Several students have come back to Kava recently, after a lengthy absence, saying they are getting the New Year’s resolution started now. That kind of discipline is really admirable! But I know for many of us it’s hard to imagine starting a yoga practice all over again when you know you’ll be at Square One.
Listen – you might be surprised that I have been at Square One many many times in my practice. I think sometimes Yoga students build up in their minds that we yoga teachers a) know how to do every posture (nope!), b) practice every day (we wish!) and/or c) have dedicated our lives to the practice and therefore always make getting on the yoga mat our first priority (also, no). Over the 25-ish years that I have been practicing yoga, my Square One do-overs have been caused by injuries, life events and just plain-old bad priorities.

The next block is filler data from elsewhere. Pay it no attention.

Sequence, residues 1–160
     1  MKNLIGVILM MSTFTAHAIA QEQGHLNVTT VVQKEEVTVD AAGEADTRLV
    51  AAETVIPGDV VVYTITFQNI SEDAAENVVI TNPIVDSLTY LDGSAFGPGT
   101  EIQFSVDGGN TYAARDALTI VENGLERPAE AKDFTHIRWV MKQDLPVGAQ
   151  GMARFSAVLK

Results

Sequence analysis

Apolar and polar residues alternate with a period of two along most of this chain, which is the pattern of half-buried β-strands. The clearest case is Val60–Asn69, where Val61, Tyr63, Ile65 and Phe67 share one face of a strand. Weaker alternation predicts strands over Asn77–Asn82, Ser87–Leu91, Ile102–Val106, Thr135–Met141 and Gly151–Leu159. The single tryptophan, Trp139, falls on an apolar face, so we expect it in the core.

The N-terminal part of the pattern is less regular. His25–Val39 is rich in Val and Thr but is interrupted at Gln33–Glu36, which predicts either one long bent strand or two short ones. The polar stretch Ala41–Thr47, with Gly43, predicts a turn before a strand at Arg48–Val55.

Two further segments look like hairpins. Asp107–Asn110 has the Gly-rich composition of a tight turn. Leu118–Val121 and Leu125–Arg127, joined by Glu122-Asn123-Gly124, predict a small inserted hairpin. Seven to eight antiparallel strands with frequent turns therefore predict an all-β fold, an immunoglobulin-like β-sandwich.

I, like many of you, have been injured. When you have an injuries, you learn to slow down. The crazy arm balance that I had recently achieved was certainly not possible while recovering from a shoulder injury. When my dad died of cancer 5 years ago, that shook up my reality and my daily routines tremendously. Do you think that I was getting on my yoga mat all the time while he wasted away from bone cancer? Nope. I was barely able to eat, do laundry, teach or run my business. And there were those years in my 20’s and 30’s when I worked in the corporate world when my priorities often didn’t feel like my own. Business trips, conferences, client meetings, work projects. I got caught up in that other world and took my eye off the ball.
This up-and-down stuff in life is NORMAL. Yoga practice is not a linear progression. We don’t start on Day One, then progress and improve and improve and improve and then BOOM! one day you are DONE. Doesn’t work like that. Even people who practice every day – their progression slips back and moves forward in fits and spurts.
If you’re contemplating coming back in January to start a New Year’s resolution, I say “No time like the present.” When you do return, I encourage you to embody compassion for your body, humility, and a sense of humor. And realize that while you might be thinking everyone in the room is better or more consistent than you, remember we ALL have many Square One moments over a lifetime.